Wireless technology fails Iqaluit blizzard test
“Plain old telephones” worked as back-up
The most advanced communications technology isn’t worth much if you don’t have electricity to keep it running.
When electricity failed and battery power ran out in eastern Nunavut’s Jan. 7 blizzard, which centred on Iqaluit, the best communications back-up proved to be “plain old telephones” with all-wire connections.
“About 37 per cent of households in Canada do not have landlines,” said Ed Zebedee, director of protection services for the Government of Nunavut.
“A lot of people operate just solely on cell phones, or a lot of people have portable phones in their homes.”
When the power goes out, portable phone connections also die, as do cell phone connections when batteries run down, Zebedee pointed out.
Loss of power can’t stand in the way of Zebedee’s office of protection services, which oversees preparations for emergencies throughout Nunavut.
But on Jan. 7, the agency found wireless technology limited their ability to communicate once power outages became more widespread.
The answer, Zebedee said, was to ensure all staff involved in emergency measures have a POT, as he called it, or a “plain old telephone” – completely connected by hard wires.
“If you lose power, you can plug the old-style telephone in, and you still have communication,” he said Jan. 8. He said he expected this weakness in the system would be covered as soon as Jan. 9.
As an added precaution, protection services has sought a third back-up to cover the loss of a wired telephone system, he said, “so that we can internally communicate with the major people that would be involved in an emergency.”
The Jan. 7 blizzard, which hit Iqaluit hardest, called for communication between the RCMP and the City of Iqaluit’s emergency services – which includes the fire department and ambulance service.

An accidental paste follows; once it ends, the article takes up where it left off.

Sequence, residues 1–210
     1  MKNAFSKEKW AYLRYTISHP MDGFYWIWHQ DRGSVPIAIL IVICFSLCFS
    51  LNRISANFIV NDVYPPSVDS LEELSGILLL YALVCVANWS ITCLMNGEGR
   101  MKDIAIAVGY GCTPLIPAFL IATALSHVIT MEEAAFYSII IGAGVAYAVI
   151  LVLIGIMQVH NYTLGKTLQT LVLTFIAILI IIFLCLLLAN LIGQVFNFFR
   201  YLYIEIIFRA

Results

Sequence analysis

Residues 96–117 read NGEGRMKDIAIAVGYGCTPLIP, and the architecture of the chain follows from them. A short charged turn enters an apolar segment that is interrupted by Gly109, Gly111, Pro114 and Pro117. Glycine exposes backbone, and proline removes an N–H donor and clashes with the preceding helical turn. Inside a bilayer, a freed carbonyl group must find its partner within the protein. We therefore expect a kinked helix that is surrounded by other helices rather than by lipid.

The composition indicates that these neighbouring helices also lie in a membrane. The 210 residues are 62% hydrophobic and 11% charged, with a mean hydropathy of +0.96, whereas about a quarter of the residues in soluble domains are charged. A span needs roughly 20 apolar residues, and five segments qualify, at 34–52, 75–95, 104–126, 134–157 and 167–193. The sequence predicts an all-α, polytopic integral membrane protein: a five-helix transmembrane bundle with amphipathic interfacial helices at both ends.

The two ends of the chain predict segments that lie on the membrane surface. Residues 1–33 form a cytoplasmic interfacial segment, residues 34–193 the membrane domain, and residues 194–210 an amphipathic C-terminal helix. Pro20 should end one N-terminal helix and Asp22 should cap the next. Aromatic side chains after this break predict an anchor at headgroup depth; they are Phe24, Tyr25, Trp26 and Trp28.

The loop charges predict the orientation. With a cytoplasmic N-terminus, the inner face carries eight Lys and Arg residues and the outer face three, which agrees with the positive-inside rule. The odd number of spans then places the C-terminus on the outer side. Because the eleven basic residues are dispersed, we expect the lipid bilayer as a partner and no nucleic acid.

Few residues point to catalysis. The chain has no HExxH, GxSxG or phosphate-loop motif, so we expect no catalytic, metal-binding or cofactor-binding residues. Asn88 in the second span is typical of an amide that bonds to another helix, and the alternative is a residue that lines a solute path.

“Every emergency is different, and a weather emergency has so many unknowns,” he said. “You learn from what worked well and what didn’t.”
On the whole, Zebedee, who has been director of Nunavut’s protection services for more than seven years, said he was happy with warnings and preparations made in advance of the incoming storm.
“The city took a very proactive approach to getting the being prepared-message out,” he said. “We knew that this system was going to hit fast when it came in.
“The city made the call to close down a bit early. And their call was right on. We probably had 25 minutes between when we issued the notices to close before the storm started hitting town.”
Although the blizzard lasted less than 10 hours, its fierce winds, centred on Iqaluit and hitting speeds in excess of 140 kilometres per hour, were unusually strong.
“It was the extreme wind which was very unusual,” said Zebedee. “That was probably the biggest challenge — the winds taking out different systems in town.”
The winds brought down power lines and “a number of power poles were actually broken off,” he said, adding that Qulliq Energy Corp. workers deserved credit for their continued efforts to restore power.
“With the debris flying around, and just the high winds, it was extremely dangerous for the crews that were out,” he said. “They did a great job in keeping power going and getting power back on in very challenging and dangerous conditions.”
Zebedee’s office did not receive calls for assistance in response to the blizzard from other communities in Nunavut.
“As far as I know, Iqaluit bore the brunt of the storm.”
Severe weather incidents appear to be increasing worldwide, Zebedee said, and these are having a greater impact on populations around the world.
“I don’t know how you plan for Mother Nature,” he said. “We keep trying, and try to move our programs forward so that we learn from every one.”